UN rights chief urges probe into Askarov case despite Kyrgyz decision to uphold life sentence


24 January 2017 – The United Nations human rights chief today voiced deep concern about a decision by a Kyrgyz court to uphold a life sentence against human rights defender Azimjan Askarov, saying it highlights “serious shortcomings” in the country’s judicial system.

“The decision by the national court clearly had not taken into account the views of the UN Human Rights Committee which had found in March 2016 that Askarov had been arbitrarily detained, held in inhumane conditions, tortured and prevented from adequately preparing his defence,” UN High Commissioner for Human Rights Zeid Ra’ad Al Hussein said in a statement.

“Despite the repeated commitment of the Kyrgyz authorities to uphold international fair trial standards and to resolutely investigate torture allegations, this trial vividly displayed the deficiencies in the country’s judicial and law enforcement system,” the High Commissioner added.

Reading the statement to reporters in Geneva, spokesperson for the High Commissioner’s Office (OHCHR) Ravina Shamdasani noted that the hearing allegedly relied on the same witness testimonies as in the first trial, and that the court-appointed interpreter for Mr. Askarov was repeatedly absent.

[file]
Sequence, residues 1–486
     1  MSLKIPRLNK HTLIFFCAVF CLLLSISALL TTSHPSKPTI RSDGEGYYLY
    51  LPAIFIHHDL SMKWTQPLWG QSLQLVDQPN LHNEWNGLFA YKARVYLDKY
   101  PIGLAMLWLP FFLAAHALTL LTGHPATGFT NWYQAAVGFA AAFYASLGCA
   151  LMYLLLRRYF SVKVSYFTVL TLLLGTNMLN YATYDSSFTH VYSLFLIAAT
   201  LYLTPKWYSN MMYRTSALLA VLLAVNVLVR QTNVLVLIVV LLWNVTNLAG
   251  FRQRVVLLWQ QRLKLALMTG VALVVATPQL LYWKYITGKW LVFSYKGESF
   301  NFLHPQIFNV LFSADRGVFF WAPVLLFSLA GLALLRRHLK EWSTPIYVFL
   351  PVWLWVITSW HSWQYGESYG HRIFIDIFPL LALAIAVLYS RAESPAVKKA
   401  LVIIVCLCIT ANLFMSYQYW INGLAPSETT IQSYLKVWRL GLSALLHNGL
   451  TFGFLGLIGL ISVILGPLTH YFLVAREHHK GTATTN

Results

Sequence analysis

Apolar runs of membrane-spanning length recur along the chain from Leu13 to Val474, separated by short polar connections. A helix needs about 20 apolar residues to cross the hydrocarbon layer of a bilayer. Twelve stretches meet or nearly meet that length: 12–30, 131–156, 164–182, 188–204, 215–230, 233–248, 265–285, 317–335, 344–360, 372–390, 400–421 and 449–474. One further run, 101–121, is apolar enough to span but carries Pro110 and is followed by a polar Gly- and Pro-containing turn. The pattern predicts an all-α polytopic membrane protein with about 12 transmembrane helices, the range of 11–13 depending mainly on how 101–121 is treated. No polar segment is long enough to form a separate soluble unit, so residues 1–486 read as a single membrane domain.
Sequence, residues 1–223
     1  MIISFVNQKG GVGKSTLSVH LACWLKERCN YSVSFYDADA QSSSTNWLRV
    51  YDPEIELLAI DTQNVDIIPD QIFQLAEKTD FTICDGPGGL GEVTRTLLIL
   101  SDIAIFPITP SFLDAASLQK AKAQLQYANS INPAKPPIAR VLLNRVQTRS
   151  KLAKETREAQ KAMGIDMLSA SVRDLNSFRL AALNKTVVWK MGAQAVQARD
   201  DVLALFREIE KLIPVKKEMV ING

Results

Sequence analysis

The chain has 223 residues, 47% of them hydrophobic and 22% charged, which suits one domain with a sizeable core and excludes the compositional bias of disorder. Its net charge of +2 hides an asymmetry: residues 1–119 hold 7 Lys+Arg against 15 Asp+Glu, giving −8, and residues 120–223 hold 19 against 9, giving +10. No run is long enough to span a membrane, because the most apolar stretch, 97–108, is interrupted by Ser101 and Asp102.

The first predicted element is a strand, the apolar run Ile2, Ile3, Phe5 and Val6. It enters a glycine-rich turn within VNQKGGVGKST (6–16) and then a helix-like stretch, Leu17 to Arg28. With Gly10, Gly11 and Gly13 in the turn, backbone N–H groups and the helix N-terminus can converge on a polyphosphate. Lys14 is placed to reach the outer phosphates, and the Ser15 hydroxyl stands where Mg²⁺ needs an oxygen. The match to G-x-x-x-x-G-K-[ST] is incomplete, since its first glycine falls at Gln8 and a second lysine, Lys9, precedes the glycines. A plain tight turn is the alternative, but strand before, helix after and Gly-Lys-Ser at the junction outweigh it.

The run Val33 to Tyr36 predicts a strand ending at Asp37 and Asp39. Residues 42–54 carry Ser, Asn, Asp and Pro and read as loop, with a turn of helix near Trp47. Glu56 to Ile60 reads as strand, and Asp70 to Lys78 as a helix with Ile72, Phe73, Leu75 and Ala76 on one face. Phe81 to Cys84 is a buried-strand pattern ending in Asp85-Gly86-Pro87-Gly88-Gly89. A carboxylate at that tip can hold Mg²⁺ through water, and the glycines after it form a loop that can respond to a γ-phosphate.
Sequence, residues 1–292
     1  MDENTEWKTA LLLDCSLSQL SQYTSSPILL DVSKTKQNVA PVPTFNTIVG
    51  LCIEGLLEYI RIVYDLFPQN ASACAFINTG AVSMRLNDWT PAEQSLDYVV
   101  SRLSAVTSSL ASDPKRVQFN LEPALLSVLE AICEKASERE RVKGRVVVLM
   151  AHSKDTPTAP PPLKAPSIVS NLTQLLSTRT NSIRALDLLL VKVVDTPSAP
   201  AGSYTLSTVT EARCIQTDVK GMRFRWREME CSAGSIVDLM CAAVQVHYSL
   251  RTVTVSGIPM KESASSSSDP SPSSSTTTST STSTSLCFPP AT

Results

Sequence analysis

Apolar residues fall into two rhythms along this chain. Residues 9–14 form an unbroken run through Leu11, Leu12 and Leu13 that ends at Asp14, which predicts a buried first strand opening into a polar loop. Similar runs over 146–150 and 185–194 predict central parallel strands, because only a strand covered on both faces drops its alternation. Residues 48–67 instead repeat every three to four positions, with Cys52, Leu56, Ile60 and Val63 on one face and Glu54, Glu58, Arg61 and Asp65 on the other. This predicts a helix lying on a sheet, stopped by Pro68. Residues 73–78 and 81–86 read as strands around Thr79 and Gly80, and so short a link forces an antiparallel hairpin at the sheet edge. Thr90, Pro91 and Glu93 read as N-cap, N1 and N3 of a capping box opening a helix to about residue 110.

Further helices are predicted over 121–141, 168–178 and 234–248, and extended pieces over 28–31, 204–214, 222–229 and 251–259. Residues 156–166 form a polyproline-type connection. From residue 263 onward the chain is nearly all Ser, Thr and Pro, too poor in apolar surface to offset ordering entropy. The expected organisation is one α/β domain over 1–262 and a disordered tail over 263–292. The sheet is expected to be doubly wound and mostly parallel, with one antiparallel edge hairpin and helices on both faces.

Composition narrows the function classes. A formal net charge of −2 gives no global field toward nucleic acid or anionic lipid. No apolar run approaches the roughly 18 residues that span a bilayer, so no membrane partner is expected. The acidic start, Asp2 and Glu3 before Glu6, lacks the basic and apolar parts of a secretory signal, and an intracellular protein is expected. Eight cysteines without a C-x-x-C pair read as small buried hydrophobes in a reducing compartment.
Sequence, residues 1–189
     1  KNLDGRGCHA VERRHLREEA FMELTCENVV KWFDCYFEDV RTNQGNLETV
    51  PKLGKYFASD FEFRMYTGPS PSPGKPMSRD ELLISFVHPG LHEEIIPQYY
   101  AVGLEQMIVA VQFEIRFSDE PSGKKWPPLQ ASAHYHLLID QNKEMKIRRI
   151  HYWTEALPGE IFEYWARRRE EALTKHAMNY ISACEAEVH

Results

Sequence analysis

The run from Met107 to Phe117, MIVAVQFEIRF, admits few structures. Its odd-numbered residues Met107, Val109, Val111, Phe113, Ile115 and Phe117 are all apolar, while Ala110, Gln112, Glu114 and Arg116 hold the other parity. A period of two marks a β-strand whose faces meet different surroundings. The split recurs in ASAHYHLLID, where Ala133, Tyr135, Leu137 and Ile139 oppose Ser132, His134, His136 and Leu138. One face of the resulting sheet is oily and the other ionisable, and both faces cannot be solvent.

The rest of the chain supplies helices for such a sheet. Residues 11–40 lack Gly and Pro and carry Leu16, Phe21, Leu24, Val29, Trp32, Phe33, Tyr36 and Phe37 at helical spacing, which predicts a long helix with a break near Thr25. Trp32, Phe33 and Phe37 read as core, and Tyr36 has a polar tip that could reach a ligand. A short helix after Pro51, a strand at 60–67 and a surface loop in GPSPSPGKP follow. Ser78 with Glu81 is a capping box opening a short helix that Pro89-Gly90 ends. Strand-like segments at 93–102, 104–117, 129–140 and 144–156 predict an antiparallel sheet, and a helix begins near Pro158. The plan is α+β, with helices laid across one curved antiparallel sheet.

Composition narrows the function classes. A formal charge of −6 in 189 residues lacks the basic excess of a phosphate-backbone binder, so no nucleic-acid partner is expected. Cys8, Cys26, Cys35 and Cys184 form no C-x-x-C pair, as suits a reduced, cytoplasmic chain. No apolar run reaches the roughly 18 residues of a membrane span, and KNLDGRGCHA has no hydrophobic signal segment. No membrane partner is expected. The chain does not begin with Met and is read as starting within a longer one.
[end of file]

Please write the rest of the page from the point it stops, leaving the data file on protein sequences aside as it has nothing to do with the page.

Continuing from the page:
Ms. Shamdasani reiterated OHCHR’s call for Askarov’s conviction and sentence to be quashed and urged Kyrgyzstan to conduct “impartial, objective and thorough investigations and judicial proceedings in order to ensure justice for all.”

Mr. Askarov was sentenced to life imprisonment and confiscation of his private property in November 2010 for the murder of a police officer, participation and organization of mass riots and incitement to inter-ethnic hatred.

His arrest is believed to be related to his peaceful activities as a human rights defender, particularly his documentation of inter-ethnic violence in the Jalal-Abad region in June 2010, OHCHR had said at the time of his original sentencing.

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